North Korea and South Korea - Divisions, history & profile
North and South Korea, Division and present relationship
The Korean peninsula is divided between two sovereign states: South Korea or Republic of Korea and North Korea or Democratic People’s Republic of Korea. These two Koreas have different economies, ideologies and follow different politics.
The relationship between North and South Korea has never been easy, but it has recently developed towards a more conciliatory approach.
North and South Korea – History of their division
North Korea was divided from South Korea at the 38th parallel in 1945, following the end of the Second World War, when Japan surrendered to the Allied Forces. At the time Japan occupied Korea, which then was divided into two areas of influence: North Korea under USSR influence and South Korea under USA influence. Russia and United States were unable to agree on a joint trusteeship over Korea, so in 1948 the two Koreas formed two separate states, each one following an opposite ideology (communist in the North and capitalist in the South).
Korean Civil War started on the 6th of June 1950, when the North Korean People’s Army attacked South Korea in an attempt to reunify the two Koreas under the communist ideology. The Korean Civil War went on until 27th July 1953 when, under the supervision of the United Nations, the parties involved signed the Korean War Armistice Agreement. Since then, the Korean Demilitarised Zone has separated North and South Korea. Technically, North and South Korea are still at war, because they only signed an armistice and not a peace treaty.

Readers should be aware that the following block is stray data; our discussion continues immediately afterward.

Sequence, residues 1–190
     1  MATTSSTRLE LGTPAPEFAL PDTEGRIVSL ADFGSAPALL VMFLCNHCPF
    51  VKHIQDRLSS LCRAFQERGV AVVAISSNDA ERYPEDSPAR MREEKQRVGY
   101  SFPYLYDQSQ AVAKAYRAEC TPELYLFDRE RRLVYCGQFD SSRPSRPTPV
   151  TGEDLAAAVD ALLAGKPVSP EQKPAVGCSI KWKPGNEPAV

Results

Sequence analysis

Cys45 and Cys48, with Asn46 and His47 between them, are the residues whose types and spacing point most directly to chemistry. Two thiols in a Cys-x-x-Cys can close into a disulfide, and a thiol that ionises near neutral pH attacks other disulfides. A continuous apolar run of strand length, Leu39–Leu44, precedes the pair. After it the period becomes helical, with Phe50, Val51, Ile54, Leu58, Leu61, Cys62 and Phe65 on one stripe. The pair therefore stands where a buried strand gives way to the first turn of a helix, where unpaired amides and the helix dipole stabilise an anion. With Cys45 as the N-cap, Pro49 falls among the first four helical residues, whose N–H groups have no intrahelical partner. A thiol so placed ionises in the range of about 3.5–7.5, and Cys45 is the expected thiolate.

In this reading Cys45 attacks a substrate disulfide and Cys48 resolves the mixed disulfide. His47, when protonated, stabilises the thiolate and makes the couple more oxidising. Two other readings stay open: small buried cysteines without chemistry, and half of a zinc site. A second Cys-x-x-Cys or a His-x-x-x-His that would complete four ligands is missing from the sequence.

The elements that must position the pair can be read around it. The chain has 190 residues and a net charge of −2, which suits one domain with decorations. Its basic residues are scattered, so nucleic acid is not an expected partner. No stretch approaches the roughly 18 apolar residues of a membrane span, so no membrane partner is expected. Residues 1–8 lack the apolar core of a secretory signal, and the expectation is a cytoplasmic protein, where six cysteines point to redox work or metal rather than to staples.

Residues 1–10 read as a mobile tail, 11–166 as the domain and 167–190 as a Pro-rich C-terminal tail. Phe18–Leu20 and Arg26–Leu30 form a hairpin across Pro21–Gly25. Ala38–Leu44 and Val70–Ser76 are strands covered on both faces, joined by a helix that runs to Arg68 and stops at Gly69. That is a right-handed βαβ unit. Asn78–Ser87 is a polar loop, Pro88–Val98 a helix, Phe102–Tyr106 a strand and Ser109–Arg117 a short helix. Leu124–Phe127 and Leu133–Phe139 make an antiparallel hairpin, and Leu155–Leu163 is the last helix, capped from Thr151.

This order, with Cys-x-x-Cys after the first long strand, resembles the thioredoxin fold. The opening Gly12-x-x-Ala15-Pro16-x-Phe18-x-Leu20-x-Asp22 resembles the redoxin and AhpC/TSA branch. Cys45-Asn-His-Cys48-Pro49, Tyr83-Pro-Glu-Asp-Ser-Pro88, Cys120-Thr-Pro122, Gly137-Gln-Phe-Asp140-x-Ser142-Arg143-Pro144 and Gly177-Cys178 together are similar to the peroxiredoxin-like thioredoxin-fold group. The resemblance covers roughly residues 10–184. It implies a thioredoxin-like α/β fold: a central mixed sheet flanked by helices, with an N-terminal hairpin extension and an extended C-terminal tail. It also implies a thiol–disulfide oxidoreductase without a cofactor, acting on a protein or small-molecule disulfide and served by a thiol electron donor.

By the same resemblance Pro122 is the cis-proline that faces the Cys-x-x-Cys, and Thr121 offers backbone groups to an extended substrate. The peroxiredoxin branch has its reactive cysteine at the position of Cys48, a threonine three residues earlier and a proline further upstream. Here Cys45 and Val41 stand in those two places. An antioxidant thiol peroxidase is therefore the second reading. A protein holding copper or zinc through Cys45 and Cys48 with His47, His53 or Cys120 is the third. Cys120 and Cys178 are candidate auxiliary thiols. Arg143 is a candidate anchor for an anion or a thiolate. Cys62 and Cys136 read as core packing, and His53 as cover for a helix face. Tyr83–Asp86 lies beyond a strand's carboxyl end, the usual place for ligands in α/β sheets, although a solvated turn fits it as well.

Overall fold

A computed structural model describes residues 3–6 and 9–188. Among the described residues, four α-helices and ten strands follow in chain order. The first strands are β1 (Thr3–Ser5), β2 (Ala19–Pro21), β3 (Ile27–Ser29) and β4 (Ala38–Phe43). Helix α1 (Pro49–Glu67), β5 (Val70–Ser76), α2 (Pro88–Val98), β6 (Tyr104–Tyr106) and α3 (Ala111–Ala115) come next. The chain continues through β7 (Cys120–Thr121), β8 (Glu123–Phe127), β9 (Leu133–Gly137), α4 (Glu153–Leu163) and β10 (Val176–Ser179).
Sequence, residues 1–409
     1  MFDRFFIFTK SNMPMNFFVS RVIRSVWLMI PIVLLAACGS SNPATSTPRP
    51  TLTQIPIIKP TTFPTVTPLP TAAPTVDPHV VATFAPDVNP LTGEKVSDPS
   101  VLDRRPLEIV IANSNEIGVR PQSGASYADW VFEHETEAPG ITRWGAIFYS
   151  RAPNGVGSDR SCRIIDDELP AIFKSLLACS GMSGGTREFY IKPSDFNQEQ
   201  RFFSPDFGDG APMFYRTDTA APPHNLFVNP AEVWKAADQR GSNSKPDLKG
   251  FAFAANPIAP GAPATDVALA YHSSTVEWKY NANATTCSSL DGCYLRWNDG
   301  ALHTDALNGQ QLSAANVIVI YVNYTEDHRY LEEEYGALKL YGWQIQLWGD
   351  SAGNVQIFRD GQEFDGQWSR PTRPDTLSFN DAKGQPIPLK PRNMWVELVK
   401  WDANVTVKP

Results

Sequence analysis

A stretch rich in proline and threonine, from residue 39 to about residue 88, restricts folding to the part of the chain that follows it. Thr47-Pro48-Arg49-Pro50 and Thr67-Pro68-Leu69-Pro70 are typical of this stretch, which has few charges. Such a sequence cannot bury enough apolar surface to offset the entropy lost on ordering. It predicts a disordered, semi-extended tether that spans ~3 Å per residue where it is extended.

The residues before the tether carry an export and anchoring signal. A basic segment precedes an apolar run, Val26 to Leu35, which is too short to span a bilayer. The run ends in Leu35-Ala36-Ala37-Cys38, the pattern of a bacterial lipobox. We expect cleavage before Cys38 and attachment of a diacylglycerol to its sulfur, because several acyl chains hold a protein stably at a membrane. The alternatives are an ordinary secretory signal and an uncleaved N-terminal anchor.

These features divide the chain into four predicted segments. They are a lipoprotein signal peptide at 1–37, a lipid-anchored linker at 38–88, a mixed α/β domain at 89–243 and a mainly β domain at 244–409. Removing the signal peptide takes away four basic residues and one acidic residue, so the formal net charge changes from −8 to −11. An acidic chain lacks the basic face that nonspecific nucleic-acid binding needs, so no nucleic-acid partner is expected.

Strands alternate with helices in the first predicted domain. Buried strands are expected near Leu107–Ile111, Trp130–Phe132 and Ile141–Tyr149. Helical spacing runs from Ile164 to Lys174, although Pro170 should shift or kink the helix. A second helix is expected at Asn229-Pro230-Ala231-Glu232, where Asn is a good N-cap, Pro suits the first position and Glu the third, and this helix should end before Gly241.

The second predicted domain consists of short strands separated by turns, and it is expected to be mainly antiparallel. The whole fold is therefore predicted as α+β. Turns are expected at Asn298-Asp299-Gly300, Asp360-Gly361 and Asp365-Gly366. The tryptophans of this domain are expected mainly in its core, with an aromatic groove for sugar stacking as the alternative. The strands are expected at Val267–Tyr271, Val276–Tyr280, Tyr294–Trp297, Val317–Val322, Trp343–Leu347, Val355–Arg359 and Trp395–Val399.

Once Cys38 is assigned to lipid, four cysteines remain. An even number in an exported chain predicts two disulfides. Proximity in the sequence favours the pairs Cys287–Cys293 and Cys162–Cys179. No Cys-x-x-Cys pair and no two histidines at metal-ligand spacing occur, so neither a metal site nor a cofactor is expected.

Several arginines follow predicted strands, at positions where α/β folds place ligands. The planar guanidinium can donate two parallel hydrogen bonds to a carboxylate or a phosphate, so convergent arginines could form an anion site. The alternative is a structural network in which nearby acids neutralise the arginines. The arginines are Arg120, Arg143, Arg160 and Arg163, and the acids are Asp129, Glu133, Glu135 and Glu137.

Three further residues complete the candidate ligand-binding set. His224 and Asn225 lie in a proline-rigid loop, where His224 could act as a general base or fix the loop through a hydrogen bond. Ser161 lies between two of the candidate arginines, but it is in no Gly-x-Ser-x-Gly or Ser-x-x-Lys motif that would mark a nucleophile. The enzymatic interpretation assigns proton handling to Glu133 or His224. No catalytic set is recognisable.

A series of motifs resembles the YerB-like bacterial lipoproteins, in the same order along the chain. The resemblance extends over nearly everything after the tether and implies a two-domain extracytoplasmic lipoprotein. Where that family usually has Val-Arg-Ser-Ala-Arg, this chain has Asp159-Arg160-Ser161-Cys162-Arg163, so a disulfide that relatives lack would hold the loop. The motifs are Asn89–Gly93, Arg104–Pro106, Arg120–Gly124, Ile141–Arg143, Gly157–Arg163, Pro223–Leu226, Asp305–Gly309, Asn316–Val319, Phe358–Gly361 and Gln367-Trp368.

North Korea – a Brief Profile
North Korea, or Democratic People’s Republic of Korea (DPRK), is an authoritarian state, where only one political party exists and it is a juche (self reliance) state. The type of government is a dictatorship and the only North Korean president ever existed is Kim Il-Sung, its founder and Eternal President, who was not replaced when he died. Now, the effective head of the North Korean state is Kim Jong-Il, Kim Il-Sung’s son, who is Chairman of the National Defence Commission. The capital of North Korea is Pyongyang.
North Korean economy is based on agriculture and, while North Korea seemed to be doing fine in the 1960s and 70s, its economy went downhill in the following decades. In 1997 a terrible famine struck North Korea, caused by the end of Russian economic help, by natural disasters (floods followed by drought) and by the country’s isolation and technical backwardness.
North and South Korea – present relationships
Relationships between North and South Korea in the past used to be very difficult, with a strong anti North Korea propaganda promoted in the South. In the last ten years the relationships have been softening and the two Koreas are seeking reconciliation. The first step towards dialogue was taken with the North and South Joint Declaration of 15th June 2000. Then, in 1998, former South Korean president Kim Dae Jung introduced the so-called ‘Sunshine Policy’.
The Sunshine Policy advocates a peaceful cooperation between North and South Korea and states that: the South will not tolerate armed provocation from the North; the South will not attempt to absorb the North and the South seeks cooperation with the North. The last point in practice means that, according to the Sunshine Policy, South Korean companies are allowed to invest in North Korea. Current South Korean president Roh Moo-hyun is continuing his predecessor’s policy.
On the 9th October 2006 the Sunshine Policy was in peril, due to North Korean missile tests and South Korea suspended its humanitarian aids to North Korea since then. However, some projects are still going on like Mount Gumgang Tourist Region or Kaesong Industrial Region.